The Slatest

How Alarmed Should We Be About the 15 Million Tossed J&J Vaccines?

It’s a big mess up, but vaccine production is always complicated, and highly monitored.

A large blue gated building with a red sign saying "emergent."
The Emergent BioSolutions plant in Baltimore, where millions of doses of the vaccine were ruined. Tasos Katopodis/Getty Images

On Wednesday, Johnson & Johnson acknowledged that a huge batch of vaccines—enough for 15 million doses—had to be tossed out after it was found to have been contaminated during the production process. Soon afterward, several outlets reported that the company producing the vaccine at that Baltimore facility, Emergent BioSolutions, had been cited multiple times before for quality control issues. The sheer number of doses that were discarded, and the idea of a “contamination” of a COVID vaccine, has raised plenty of questions.

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To get some idea of just how unusual such a mistake really is, whether there is precedent for such a large error, and how the public should process the news, Slate spoke with Tinglong Dai, an associate professor of operations management at Johns Hopkins University Carey Business School. This interview has been edited and condensed for clarity.

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Molly Olmstead: How big of a deal is this?

Tinglong Dai: Well, first of all, the situation is a little bit confusing. The original story from the New York Times said 15 million doses had to be thrown away because of some mix-up issue. And then the Washington Post had a report saying that they pretty much mixed up the two different kinds of vaccines, AstraZeneca and Johnson & Johnson. That’s really bad. But then yesterday, the CEO of Emergent BioSolutions went on CNBC telling people that it wasn’t the case that two different kinds of vaccines were mixed up. He used some words like “out of spec,” although he had never defined what that meant. So I think overall, what’s really going on is a very big unknown. Because we didn’t get any information from Johnson & Johnson. We didn’t get any meaningful information from Emergent.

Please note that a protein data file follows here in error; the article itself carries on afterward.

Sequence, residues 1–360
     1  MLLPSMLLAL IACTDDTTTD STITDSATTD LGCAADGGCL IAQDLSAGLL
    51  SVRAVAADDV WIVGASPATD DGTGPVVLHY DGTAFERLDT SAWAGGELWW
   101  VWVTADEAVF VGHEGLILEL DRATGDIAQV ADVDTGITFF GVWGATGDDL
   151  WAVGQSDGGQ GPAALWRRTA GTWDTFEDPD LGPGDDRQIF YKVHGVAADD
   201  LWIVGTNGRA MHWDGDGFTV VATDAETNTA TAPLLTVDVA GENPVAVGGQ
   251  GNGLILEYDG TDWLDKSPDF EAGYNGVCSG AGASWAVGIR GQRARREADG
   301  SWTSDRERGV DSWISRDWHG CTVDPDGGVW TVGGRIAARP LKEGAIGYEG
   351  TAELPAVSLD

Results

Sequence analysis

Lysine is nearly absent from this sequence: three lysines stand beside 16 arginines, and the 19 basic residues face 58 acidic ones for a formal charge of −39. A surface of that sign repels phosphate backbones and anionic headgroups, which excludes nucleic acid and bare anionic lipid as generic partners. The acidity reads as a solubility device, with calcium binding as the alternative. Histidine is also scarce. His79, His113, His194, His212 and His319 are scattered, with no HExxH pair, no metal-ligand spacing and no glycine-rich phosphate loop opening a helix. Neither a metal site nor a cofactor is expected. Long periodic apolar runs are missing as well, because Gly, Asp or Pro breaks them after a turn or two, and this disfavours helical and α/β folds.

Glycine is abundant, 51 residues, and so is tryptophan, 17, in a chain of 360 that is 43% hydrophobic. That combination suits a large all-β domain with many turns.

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What we know is that we have this one large batch of a Johnson & Johnson vaccine: 15 million doses. That’s enough to vaccinate 7 percent of the U.S. adult population. That’s the number to vaccinate the entire state of Maryland, plus West Virginia, plus a few other states. And it had been thrown away. And so the FDA and the Biden administration has asked Johnson & Johnson to step up its supervision of Emergent BioSolutions. And this factory in Baltimore, which hasn’t been authorized by the FDA yet—its authorization process will be delayed.

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It does not look like it’s going to change Johnson & Johnson’s delivery schedule, which is 100 million doses by the end of May. That seems to be on schedule. So that’s what we have learned.

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How unusual is this sort of thing?

Well, it’s not normal. This is an error—but this has happened before. I study flu vaccines; this does happen from time to time. Flu vaccine manufacturers want to deliver on time, but the FDA doesn’t tell them what to produce until February or March. The production of a flu vaccine takes, like, six months. So sometimes those flu vaccine manufacturers start production even before they learn what to produce. So then what they produce ends up being different from what the FDA asked them to produce, and they have to throw it away. And that happens every couple of years.

The other scenario I can think of is the case of 2004 when there was this factory in the U.K. producing flu vaccines. The inspectors found a serious contamination; they had this bacteria level more than 1,000 times the accepted level. So they shut down the whole factory and destroyed everything. That led to a major shortage of flu vaccines for that year.